Merrill Everett Moore (26 September 1923 – 14 June 2000) was an American swing and boogie-woogie pianist and bandleader whose style influenced rockabilly music during the 1950s.
He was born in Algona, Iowa, and learned piano as a child. By the age of 12 he was performing occasionally on a Des Moines radio station. After leaving school he joined the Chuck Hall Band, which played in local ballrooms, before serving in the US Navy during World War II. He then married, and moved with his wife to Tucson, Arizona and then San Diego, where he worked as a clothes salesman and performed in clubs, often with guitarist Arkie Geurin. He became a full-time musician in 1950, and formed his own band, the Saddle, Rock and Rhythm Boys, who played boogie-woogie and Western swing at the Buckaroo Club. He signed with Capitol Records in 1952 and recorded a string of singles, the most successful of which was a version of "The House of Blue Lights" in 1953. Ken Nelson of Capitol Records invited him to take part in a national tour, but Jimmy Kennedy, the owner of the Buckaroo Club, refused to allow Moore to break his contract to take part.
According to Steve Huey of Allmusic, Moore's "unique style fused Western swing, boogie-woogie, and early R&B in a melting pot that many critics felt was a distinct influence on rockabilly, especially Jerry Lee Lewis." His music was later highly regarded by rockabilly fans, especially in Europe, although Moore himself said: "We didn't have the idea we were pioneering anything. We were just trying to make a living.... Rock and roll to me was a completely different sound. The rhythm section was incomplete, it was too hard, and it didn't swing...."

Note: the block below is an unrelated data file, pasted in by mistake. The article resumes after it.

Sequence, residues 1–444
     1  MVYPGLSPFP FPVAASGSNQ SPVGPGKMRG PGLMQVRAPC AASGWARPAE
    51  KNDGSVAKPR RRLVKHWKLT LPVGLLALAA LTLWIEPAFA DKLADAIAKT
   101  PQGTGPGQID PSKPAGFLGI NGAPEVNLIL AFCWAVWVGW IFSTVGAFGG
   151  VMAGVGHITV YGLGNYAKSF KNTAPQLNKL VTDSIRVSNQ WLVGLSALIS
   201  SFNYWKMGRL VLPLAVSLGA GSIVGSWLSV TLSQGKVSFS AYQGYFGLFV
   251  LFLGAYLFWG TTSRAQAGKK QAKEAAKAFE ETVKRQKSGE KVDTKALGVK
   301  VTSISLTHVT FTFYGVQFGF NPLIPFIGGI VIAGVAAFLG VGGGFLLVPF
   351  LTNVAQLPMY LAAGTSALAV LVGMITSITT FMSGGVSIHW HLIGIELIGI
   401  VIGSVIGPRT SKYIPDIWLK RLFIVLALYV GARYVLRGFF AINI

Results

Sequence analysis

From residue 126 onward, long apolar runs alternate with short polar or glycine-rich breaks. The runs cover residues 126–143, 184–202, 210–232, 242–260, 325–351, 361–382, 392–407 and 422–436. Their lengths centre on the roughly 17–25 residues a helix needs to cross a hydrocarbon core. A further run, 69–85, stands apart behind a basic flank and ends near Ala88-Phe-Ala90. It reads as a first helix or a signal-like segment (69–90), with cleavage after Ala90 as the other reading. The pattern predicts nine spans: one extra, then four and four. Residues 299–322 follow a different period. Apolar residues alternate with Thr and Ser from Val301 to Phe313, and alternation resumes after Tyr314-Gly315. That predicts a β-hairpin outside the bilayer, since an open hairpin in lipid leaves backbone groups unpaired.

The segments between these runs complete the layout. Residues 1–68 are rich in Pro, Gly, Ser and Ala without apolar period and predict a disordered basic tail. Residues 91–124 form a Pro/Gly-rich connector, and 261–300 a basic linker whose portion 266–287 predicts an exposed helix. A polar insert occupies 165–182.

Moore continued to record for Capitol in the 1950s, but in 1955 walked out on his contract with Kennedy and moved to Los Angeles. There, he became a regular, along with Tennessee Ernie Ford, on Cliffie Stone's radio program Hometown Jamboree, and also worked as a session pianist for Capitol, appearing on records by Tommy Sands, Johnny Cash, Faron Young, Kay Starr and others. In 1962 he moved back to San Diego, and returned to playing hotels and clubs.
He died from cancer in 2000, at the age of 76.
Artist Biography by Steve Huey in allmusic !
Pianist Merrill Moore's unique style fused Western swing, boogie-woogie, and early R&B in a melting pot that many critics felt was a distinct influence on rockabilly, especially Jerry Lee Lewis. Born in Algona, IA, in 1923, Moore began playing the piano at age seven and by 12 was performing on a Des Moines radio station. After high school, he played in a band on the Midwestern ballroom circuit, taking a break to serve in the Navy during World War II. Afterwards, he married his high-school sweetheart and moved to San Diego, where he started playing the club circuit. He got a regular gig with local club kingpin Jimmy Kennedy and put together the Saddle, Rock & Rhythm Boys as his backing band in 1950. Kennedy helped get Moore a record deal with Capitol in 1952, and that year he released his first single, "Big Bug Boogie." 1953's "House of Blue Lights" became a national hit, but Kennedy refused to allow the band to tour or promote the record: He'd signed them to a seven-year deal to play six nights a week and had only gotten them the record contract to increase their local drawing power. Moore continued to record occasional boogies and novelty tunes for Capitol, issuing an extremely rare self-titled EP in 1955. That same year, he walked out on his contract with Kennedy and moved to Los Angeles.
Moore performed regularly on Cliffie Stone's music program Hometown Jamboree and also worked as a session pianist, appearing on records by the likes of Tommy Sands ("Teenage Crush"), Johnny Cash, Faron Young, Hank Thompson, Sonny James, and Kay Starr, among others. He recorded only one more session for Capitol, a selection of instrumentals that wasn't released until 1990 by Bear Family. Moore returned to San Diego in 1962, taking up residency in a hotel lounge. He worked clubs and similar venues for the next couple of decades, sometimes venturing into Nevada and Arizona. A car accident in 1986 put him on hiatus for a few years, but Moore spent most of the '90s playing regularly at Mr. A's in San Diego, leaving in 1998. He lost a battle with cancer on June 14, 200
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